Spondylolisthesis is when one vertebra slips forward over the vertebra below it. Most often, that happens in the low back (lumbar spine) because that part of your spine bears a lot of weight and absorbs a lot of directional pressures.The goals of surgery are to stabilize the spine. The result is to reduce pain and neurologic symptoms. Improved quality of life usually follows. The surgeon may see it as a simple decision. It isn't always so easy for the patient.Research show if you have had conservative (nonoperative) care for six months or more and still have symptoms, then surgery is advised. If the surgeon doesn't think surgery will help, then patients must continue with conservative care and manage the symptoms. Loss of bladder or bowel control is a clear sign that surgery is needed. incidence of spondylolisthesis increased with age among the men and may be more prevalent than first thought. However, it did not seem to have any connection between the men's height, weight, or smoking history, nor did it with any history of diabetes or heart disease. There did seem to be a connection between the condition and the number of men who reported the highest levels of leisure physical activity (In Spine. May 1, 2010. Vol. 35,)

Sports athletes are not immune to low back pain. Bony defects such as spondylolysis and spondylolisthesis present from birth or as a result of stress fractures from overuse can be a common cause of lumbar instability. In the case of spondylolysis, the supporting bony column (called the pars interarticularis) fractures. If the fracture displaces (separates) and the vertebral body shifts forward, the condition is referred to as spondylolisthesis.

It is estimated that nearly half of all low back pain in athletes comes from spondylolysis/spondylolisthesis. And there isn't one main sport or activity where these injuries occur most often. Anyone who participates in a sport that includes extension of the spine with rotation (and especially rotation with compression or load) is at risk. For example, this condition has been reported in dancers, gymnasts, figure skaters, weight lifters, and football players.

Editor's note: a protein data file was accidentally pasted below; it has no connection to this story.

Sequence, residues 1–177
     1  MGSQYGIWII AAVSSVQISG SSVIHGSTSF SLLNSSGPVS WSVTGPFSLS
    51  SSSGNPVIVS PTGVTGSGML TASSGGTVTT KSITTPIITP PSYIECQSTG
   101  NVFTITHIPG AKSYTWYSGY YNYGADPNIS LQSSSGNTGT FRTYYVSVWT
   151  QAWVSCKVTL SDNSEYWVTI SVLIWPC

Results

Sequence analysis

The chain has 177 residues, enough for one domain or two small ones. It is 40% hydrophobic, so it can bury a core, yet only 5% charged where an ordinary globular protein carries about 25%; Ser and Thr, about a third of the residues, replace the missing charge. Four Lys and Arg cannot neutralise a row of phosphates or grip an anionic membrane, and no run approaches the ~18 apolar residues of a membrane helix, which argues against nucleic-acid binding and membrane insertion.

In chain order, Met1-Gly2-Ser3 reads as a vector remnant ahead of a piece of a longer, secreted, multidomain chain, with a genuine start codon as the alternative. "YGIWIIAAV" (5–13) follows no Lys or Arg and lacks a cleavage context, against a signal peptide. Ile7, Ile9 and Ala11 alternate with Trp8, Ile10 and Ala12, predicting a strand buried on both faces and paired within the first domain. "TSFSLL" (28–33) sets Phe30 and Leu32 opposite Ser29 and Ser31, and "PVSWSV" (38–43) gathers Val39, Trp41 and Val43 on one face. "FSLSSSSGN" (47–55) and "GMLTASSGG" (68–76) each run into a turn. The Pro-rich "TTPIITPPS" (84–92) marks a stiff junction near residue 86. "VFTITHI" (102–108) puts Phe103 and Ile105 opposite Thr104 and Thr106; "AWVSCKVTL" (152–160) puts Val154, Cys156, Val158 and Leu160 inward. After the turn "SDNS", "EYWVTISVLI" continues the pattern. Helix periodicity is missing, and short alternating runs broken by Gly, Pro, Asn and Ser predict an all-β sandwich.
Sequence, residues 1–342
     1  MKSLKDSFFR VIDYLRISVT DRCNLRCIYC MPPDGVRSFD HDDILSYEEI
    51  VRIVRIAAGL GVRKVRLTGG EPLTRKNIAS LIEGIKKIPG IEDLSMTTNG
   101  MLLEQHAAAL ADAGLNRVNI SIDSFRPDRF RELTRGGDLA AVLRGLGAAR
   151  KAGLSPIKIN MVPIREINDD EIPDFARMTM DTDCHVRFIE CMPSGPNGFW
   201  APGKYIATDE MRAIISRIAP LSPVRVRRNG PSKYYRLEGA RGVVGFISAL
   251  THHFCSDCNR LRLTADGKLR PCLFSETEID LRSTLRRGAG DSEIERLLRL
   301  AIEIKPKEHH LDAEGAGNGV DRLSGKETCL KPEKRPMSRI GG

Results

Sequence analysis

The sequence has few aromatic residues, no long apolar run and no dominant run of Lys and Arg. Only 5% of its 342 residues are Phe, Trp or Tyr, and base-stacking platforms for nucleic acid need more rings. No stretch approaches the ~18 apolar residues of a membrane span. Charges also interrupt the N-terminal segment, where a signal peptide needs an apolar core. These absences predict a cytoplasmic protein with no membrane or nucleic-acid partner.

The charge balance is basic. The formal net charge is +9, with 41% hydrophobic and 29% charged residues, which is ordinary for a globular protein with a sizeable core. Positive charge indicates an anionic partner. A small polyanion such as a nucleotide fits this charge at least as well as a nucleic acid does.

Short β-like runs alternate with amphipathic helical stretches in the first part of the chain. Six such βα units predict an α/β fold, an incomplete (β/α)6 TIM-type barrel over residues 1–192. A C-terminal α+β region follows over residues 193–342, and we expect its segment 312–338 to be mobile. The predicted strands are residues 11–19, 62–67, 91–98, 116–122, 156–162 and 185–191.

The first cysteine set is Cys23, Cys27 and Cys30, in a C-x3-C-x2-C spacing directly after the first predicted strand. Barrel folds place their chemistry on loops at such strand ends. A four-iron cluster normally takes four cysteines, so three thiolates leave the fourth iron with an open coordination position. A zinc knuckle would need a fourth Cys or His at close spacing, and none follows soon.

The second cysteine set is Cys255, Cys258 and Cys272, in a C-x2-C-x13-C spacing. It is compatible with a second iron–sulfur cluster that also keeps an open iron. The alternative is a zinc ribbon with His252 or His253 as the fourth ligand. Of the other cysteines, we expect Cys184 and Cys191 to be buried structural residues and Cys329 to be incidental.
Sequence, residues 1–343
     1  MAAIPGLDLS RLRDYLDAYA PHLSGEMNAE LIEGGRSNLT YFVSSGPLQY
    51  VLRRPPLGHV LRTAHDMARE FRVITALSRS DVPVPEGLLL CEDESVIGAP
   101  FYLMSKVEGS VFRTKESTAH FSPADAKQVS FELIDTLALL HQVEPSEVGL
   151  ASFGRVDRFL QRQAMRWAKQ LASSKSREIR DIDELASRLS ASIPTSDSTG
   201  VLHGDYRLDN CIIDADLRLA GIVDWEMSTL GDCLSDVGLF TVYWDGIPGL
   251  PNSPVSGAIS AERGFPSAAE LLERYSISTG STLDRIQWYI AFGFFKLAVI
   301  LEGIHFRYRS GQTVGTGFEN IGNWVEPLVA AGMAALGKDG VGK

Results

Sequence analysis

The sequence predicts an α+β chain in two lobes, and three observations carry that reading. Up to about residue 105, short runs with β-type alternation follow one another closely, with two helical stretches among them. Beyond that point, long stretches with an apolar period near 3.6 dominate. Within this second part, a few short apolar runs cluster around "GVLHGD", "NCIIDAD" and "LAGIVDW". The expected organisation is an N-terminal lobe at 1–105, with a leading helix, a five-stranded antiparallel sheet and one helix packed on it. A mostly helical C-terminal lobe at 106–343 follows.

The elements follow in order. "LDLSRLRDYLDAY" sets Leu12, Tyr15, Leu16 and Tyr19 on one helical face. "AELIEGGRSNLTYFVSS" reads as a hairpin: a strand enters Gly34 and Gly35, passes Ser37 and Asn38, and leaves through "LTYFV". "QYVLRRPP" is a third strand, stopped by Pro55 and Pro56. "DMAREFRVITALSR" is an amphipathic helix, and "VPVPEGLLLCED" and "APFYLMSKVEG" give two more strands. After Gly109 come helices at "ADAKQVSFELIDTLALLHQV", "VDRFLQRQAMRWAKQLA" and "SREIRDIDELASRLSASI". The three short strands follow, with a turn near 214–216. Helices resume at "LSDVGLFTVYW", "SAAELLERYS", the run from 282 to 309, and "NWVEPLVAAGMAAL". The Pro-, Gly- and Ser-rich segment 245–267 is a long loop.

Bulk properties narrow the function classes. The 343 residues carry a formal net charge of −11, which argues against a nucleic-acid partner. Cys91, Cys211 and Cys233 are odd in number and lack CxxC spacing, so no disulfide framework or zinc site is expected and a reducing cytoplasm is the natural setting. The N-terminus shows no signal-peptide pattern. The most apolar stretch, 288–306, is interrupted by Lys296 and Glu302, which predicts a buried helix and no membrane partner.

As you might imagine, most athletes would prefer a nonoperative approach to treatment -- but preferably one that gets them back on their feet and returns them to full participation quickly.

Patient was diagnosed of there is anterior displacement of l5 in relation to s1.the pars interarticularis of l5 is irregular suggestive frature..the rest of the vertebral bodies and disk spaces are intact...grade 1 spondylolisthesis,l5 over s1,spondylolysis of l5...she was undergo rehab treatment for more than a year but my autie still complaining pain and sometimes numbness and tingling sensation radiating to her both lower extremities..

It is a common misconception that back pain always stems from the pressure of a slipped disc,a trapped nerve or spondylolisthesis. This is misleading, the cause of pain is inflammation stimulating nerves, causing the pain signal,so if there are no inlammation around L5/S1,even though spondylolisthesis existing,patient can't feel pain.

Surgery or Unsurgery?it dependent on where the inflammation is . Unsurgery therapy works when the inflammation is outside of the spinal column. unsurgery therpay does not work when the inflammation is in the spinal column itself.

How to know where inflammation? you should go to doc.

The consequences of untreated spinal fractures can be devastating. If a patient suffers one vertebral compression fracture, the risk of suffering a second fracture increases five-fold. After an injury, there may be slight reduction in the swelling and pain, and the patient may want to ignore back aches. However, left unattended, many fractures can result in an exaggerated rounded curvature of the spine, called kyphosis, or dowager's hump. That's why it is very crucial to see your doctor as soon as the injury has occurred and when the pain is acute

New research conclude that spondylolysis and spondylolisthesis are more common than we thought. These conditions do not seem to be linked with low back pain. This is an important finding as surgery is one possible treatment option for spondylolisthesis. But if spondylolisthesis is not the true cause of the back pain, then surgery may not be needed. Conservative (nonoperative) care may be all that's needed.
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Leonid Kalichman, PT, PhD, et al In Spine. January 2009. Vol. 34. No. 2. Pp. 199-205.

ScienceDaily (June 3, 2009)